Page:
We were back on the road and headed west on 190 to the exit of Death Valley and into the foothills of the Sierra Nevadas. It is a beautiful drive, but for us “flatlanders” it was a little nerve-wracking! The views were spectacular, the guardrails barely there, and people flying around switchback turns that made us a just a hair uncomfortable. We had to get used to it though as it was just the beginning of the mountainous portion of our trip!
Once on 395 North, it is a relatively short drive to the town of Lone Pine and and then Manzanar National Historic Site.
Unfortunately, we arrived after 5 pm, so we were unable to tour the museum and other exhibits. There is a self-guided driving tour that is available after hours with a map of sites and short descriptions.
Manzanar was a “relocation center” or interment camp for Japanese Americans (US citizens) and resident Japanese aliens during World War II. Nearly 120,000 people were relocated to 10 camps throughout the United States and forced to live here until World War II was over. Two-thirds of those people were US citizens by birth. Without notice or due process, the government gave anyone of Japanese ancestry, days to dispose of possessions and property. Houses and businesses had to be rented, abandoned or sold at a significant loss. They were put on buses and traveled for hours without having any idea where they were going. 11,000 people were processed through Manzanar and lived in 504 crowded barracks. The camp was surrounded by barbed wire, had 8 guard towers with search lights and was patrolled by military police. For more history on the people visit the NPS site People of Manzanar.
Manzanar is the most well-preserved of these camps. It was made a national historic site and serves as an important reminder of a dark part of US history and the fragility of American civil liberties. Every American needs to know that there were interment camps on our soil that imprisoned our citizens. I am not sure that many know that.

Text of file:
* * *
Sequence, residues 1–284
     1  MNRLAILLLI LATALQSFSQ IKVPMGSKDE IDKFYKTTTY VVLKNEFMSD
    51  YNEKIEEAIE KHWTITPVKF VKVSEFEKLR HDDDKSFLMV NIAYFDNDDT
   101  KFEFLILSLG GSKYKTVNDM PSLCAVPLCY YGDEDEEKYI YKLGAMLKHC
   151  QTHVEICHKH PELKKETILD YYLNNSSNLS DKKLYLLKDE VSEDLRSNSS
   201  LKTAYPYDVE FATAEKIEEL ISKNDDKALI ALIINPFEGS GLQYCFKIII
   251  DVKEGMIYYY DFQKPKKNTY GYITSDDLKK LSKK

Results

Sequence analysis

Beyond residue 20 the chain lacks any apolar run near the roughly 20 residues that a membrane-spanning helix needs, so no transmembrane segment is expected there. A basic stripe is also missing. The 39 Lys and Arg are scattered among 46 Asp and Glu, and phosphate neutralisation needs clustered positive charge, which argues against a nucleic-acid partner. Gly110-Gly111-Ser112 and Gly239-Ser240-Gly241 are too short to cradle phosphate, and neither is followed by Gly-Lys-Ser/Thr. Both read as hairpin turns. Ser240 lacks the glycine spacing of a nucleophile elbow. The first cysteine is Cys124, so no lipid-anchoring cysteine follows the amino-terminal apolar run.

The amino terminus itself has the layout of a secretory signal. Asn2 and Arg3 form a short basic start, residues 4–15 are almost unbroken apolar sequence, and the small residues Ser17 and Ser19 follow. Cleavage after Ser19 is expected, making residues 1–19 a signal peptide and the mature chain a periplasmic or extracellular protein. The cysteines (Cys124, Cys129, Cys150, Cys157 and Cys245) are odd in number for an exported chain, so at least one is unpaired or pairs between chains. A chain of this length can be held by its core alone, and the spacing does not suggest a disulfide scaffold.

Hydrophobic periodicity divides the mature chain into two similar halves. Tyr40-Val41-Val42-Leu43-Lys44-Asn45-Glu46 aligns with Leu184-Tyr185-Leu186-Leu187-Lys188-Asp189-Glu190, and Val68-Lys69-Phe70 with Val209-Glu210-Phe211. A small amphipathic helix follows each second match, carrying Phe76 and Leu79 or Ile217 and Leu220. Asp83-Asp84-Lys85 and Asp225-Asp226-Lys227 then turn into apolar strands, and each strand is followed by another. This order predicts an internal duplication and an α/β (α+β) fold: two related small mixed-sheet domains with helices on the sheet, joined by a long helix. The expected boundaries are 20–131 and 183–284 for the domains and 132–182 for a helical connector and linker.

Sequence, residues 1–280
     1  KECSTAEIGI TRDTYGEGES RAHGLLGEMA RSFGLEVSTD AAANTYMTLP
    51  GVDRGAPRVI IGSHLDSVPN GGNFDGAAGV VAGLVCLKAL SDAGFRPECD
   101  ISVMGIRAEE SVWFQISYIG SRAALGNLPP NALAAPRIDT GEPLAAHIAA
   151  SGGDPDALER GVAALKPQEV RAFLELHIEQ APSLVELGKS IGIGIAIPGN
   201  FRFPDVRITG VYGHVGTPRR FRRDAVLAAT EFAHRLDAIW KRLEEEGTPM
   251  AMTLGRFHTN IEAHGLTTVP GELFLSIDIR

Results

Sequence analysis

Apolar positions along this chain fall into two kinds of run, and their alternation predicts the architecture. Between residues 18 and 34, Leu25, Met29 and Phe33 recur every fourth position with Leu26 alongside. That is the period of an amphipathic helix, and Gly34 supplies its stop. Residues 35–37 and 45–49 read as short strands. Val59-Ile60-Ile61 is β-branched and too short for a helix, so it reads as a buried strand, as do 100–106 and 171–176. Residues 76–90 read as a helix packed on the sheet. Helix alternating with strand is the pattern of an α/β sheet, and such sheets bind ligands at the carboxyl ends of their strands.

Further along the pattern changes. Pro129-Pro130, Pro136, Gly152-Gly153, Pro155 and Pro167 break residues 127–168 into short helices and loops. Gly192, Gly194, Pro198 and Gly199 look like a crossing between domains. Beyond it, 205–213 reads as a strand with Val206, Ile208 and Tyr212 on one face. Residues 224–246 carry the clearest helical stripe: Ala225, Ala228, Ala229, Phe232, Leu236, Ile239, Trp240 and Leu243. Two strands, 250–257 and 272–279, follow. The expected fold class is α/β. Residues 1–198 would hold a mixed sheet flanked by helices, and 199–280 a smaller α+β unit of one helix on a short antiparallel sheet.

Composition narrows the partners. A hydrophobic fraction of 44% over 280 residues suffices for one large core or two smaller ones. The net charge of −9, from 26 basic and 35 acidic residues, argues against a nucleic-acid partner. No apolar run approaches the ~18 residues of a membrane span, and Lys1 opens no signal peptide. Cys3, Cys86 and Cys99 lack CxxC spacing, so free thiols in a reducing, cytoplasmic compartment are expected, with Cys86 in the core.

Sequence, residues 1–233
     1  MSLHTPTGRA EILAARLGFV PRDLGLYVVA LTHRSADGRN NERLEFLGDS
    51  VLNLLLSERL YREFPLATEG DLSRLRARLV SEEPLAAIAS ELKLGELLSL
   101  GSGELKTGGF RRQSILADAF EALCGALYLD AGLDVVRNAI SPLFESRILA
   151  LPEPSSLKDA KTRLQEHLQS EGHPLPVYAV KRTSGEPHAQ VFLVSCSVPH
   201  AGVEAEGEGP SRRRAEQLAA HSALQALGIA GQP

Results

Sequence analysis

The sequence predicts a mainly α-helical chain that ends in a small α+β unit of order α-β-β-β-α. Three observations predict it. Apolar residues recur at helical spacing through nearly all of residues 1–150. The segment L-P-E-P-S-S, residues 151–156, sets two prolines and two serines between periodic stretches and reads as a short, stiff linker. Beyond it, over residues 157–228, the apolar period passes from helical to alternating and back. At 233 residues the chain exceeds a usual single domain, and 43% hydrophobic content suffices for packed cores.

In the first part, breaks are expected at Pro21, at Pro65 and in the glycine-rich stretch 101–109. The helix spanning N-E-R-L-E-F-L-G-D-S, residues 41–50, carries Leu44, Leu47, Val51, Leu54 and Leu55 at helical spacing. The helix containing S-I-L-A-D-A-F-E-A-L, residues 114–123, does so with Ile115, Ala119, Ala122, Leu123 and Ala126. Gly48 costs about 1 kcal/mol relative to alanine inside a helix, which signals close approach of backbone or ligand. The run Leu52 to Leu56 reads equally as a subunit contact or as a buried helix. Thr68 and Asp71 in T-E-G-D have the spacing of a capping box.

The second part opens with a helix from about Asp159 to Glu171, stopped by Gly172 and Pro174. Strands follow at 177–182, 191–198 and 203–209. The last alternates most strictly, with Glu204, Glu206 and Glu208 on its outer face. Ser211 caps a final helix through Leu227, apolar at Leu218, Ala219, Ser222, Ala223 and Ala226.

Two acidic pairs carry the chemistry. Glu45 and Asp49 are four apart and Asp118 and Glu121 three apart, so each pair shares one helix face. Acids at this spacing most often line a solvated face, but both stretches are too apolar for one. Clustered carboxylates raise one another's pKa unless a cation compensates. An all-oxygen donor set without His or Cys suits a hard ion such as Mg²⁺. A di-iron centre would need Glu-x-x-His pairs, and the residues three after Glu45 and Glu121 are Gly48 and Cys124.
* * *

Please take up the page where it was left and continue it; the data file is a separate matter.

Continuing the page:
Most of the sites within the park are just foundations or cleared sites where buildings used to stand. They have recreated some buildings and a few of the better built facilities still exist. There are some remnants of life at Manzanar such as orchard trees and rock gardens that have been preserved.
The evening had become smoky due to the wildfires burning in Sequoia National Park. We visited the Manzanar cemetery. 150 people died while at Manzanar but most were sent to hometown cemeteries or were cremated to be sent back with relatives after they were released from the camp. 14 people, mostly men without families and infants, were buried here. Only six remain here as family members had the others removed and reburied elsewhere. It is a sadly beautiful,serene place and definitely a good place for reflection.
There was even a pet cemetery where people had left origami birds in remembrance and respect of pets lost.
Daylight was fading and it was time to say a quiet goodbye.
We drove past the last guard tower as we left.
Visit the NPS site on Manzanar to learn more.
Next up: The trials and tribulations of going from 282 feet below sea level to 10,000 feet above sea level in a few hours! Welcome to Mammoth Lakes!